HermioneWeasley Thu 15-Sep-16 20:09:40

Agree, outside London I don't think it's feasible to participate fully without a car

LineyReborn Thu 15-Sep-16 20:09:55

The things you are suggesting aren't really 'near' her house, though.

BitchQueen90 Thu 15-Sep-16 20:10:46

I don't drive and I don't intend to ever learn. I live in the suburbs but everything I need - local shops, DS nursery are a half hour walk away. Live near the train station so can be in the city in 10 minutes. Plenty of good bus routes.

If you live in a village or the middle of nowhere I do think being able to drive is necessary but personally I have no desire to live anywhere like that. Driving lessons, owning and running a car are quite frankly extra expenses that I don't want. (Plus on the 2 lessons I did have I was utter shite so I doubt anyone would want me on the roads grin)

LineyReborn Thu 15-Sep-16 20:11:02

It's really easy to live in Newcastle without a car.

harderandharder2breathe Thu 15-Sep-16 20:11:50

Well she can manage except when you mAke it hard for her... why can't you meet somewhere she can get to on public transport and at a time that suits her as well as you?

I don't drive, manage perfectly well thank you! Walk and train to work, buses, trains or walk to most other places. Yes there are places I can't get to, but there's far more that I can get to! It takes longer but that's the trade off I make for not driving. If a friend really wants to go somewhere hard for me to get to, they either offer a lift or if they can't as you can't, accept that it's not possible and arrange something else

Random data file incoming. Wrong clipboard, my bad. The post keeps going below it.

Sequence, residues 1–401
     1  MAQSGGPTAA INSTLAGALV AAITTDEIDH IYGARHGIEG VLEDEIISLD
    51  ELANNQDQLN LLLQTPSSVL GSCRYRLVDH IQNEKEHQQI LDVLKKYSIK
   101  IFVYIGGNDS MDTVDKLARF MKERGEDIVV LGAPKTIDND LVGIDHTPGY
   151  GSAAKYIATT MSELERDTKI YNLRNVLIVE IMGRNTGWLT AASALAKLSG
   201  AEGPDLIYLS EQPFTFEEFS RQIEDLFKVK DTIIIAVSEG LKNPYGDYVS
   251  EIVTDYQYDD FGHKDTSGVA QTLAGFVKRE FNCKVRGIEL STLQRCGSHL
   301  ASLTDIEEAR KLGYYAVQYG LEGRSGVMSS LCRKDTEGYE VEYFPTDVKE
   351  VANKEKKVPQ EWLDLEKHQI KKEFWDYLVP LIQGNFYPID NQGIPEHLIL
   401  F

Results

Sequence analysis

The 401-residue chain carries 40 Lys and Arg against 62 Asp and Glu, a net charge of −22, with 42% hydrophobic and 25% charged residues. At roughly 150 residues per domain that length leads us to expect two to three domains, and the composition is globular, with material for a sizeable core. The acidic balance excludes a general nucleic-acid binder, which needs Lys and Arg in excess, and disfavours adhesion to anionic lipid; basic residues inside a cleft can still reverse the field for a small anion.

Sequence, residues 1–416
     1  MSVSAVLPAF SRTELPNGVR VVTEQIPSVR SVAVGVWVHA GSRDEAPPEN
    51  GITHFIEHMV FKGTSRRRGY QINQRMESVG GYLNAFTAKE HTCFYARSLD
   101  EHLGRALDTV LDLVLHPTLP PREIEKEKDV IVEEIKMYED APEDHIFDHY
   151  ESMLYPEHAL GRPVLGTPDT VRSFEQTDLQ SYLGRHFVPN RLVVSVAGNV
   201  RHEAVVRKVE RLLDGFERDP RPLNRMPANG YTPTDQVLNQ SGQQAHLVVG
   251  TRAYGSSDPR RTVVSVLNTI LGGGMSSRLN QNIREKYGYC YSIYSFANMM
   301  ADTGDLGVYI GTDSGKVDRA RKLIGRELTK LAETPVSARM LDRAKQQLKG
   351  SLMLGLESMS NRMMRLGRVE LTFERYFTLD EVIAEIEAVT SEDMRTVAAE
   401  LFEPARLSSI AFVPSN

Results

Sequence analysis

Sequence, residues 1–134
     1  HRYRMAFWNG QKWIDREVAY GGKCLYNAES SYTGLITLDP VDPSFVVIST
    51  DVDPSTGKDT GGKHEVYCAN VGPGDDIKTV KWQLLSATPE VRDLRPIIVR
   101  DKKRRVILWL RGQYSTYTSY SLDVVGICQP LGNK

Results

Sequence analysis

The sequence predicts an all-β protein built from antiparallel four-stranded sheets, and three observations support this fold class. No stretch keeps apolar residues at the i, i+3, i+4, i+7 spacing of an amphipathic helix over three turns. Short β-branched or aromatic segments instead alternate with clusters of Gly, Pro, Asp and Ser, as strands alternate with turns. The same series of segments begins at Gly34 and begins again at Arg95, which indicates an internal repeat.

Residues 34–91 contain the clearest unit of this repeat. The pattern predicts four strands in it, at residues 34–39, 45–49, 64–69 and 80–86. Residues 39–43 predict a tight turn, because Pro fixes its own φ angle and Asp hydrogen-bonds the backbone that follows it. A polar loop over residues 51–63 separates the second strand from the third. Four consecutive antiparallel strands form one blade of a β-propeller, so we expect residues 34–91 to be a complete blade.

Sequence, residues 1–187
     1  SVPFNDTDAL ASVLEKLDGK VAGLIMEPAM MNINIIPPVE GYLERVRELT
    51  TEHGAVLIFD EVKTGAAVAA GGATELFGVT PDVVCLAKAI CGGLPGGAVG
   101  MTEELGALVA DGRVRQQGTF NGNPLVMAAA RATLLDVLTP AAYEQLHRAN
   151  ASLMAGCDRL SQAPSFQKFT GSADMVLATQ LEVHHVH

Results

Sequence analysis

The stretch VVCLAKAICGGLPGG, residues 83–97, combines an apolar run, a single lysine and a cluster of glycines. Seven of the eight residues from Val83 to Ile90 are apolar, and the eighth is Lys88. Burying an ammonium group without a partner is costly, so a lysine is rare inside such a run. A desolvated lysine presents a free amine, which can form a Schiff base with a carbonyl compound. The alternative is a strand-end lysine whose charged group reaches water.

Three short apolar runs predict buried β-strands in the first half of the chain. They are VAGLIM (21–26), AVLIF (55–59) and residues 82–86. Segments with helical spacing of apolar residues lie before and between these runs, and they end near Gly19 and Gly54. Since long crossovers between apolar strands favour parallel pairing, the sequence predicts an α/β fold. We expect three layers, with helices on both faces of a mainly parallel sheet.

BaronessEllaSaturday Thu 15-Sep-16 20:12:47

Are these things she wants to do so needs a car to do them or is it a case of you want her to do them so you have company.

Want2bSupermum Thu 15-Sep-16 20:12:49

YANBU. Once you have kids you need to be able to drive if you don't live in a city or well connected town. Getting a lift from a friend doesn't work with car seats. We live in a city and have one car. I use zipcar at the end of my next block if I need to drive somewhere and the carseats thing drives me crackers. Once the craze for the Volvo XC90 dies down I will buy one.

MargaretCabbage Thu 15-Sep-16 20:17:57

I can't drive, not through lack of trying, and I manage perfectly well. I bought a home next to a train and bus station, and I'm quite happy to walk, so there really aren't that many places I can't get to and I use a taxi if I need to. I never ask for lifts anywhere.

Isn't there anywhere on a decent bus route you could meet?